It's common to get caught in the future. In our minds, we run sprints to the end of the present and crank our necks trying to see what comes next. Whether the impulse grows from excitement or boredom, we miss out on the fruits of the moment, which reminds me of a lovely poem by Wendell Berry.

What We Need Is Here

Geese appear high over us,
pass, and the sky closes. Abandon,
as in love or sleep, holds
them to their way, clear
in the ancient faith: what we need
is here. And we pray, not
for new earth or heaven, but to be
quiet in heart, and in eye,
clear. What we need is here.

Before I left the house that day, I pulled the low-hanging light bulb string and climbed the stairwell. In one of the small bedrooms, stacks of hat boxes lined the walls. I ran my finger through the dust coating one of them and opened it to find a fine, fancy hat adorned with feathers and black netting. Naturally, I put it on and walked over to the abandoned vanity. There, in the dingy reflection was Mammaw's hat sitting on my head five sizes small. And naturally, I missed her and her little head in a house begging to be made a part of someone's present. But mixed somewhere in the rustling trees and floorboard creeks, Berry's words soothed me: What we need is here. What we need is here.

xo Corrie Lynn

Thursday, 16 September 2010

A Declaration of Affection: My History With Tomatoes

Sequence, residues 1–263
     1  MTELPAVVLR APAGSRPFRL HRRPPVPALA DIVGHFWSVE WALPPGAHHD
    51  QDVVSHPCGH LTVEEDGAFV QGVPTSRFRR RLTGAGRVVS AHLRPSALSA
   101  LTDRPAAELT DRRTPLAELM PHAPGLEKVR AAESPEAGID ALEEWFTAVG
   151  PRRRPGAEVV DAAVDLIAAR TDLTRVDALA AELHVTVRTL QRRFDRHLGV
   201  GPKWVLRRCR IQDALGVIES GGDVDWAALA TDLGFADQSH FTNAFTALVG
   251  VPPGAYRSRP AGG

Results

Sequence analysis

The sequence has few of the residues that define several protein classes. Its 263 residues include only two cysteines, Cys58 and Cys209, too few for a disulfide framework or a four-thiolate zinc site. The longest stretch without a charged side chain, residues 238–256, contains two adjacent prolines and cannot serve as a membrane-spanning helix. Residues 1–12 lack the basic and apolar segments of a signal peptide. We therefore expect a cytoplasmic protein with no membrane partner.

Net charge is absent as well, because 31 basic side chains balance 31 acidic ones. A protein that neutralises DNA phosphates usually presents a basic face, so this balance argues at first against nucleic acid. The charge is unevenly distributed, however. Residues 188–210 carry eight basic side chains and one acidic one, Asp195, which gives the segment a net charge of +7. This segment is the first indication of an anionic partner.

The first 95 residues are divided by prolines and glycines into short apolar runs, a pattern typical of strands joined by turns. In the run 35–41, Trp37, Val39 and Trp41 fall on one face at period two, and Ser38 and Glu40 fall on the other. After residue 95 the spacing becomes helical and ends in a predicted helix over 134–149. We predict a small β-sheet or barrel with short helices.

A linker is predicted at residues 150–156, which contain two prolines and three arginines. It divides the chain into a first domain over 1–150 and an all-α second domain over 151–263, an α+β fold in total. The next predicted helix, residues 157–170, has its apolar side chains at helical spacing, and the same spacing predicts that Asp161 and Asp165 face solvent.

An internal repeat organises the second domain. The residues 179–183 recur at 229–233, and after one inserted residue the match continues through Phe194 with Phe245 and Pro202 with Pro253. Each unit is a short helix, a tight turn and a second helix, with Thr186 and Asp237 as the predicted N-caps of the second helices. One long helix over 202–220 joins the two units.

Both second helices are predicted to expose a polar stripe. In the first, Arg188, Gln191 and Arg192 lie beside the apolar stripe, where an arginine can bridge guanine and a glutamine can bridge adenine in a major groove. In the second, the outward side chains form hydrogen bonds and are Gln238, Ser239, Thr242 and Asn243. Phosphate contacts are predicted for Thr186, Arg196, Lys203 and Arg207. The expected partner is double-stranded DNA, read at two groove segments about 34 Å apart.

There aren’t many things in this world as beautiful in their simplicity as a plump and fresh, homegrown tomato. I remember being a young’un, my parents fretting that my premature acne was due to the acid I was consuming via tomatoes. I must have been eating a lot of them. I still eat a lot of them. I still have the odd outbreak of acne. (I don’t really think tomatoes are the culprit). I am letting them off the hook.

Tomatoes have a fair claim to being one of my favorite foods. Lucky them! Let us be grateful to tomatoes for their versatility and their privileged position in the fruit vs. vegetable debate. Isn’t it nice to be fought over? Caprese salad, warm pasta bolognese, fiery arrabiata, the list marches on, just as tomatoes seem to in the months they bless us with their presence. It is sad the season must end, as it is about to. At least they are happy to be frozen in sauces and soups for winter.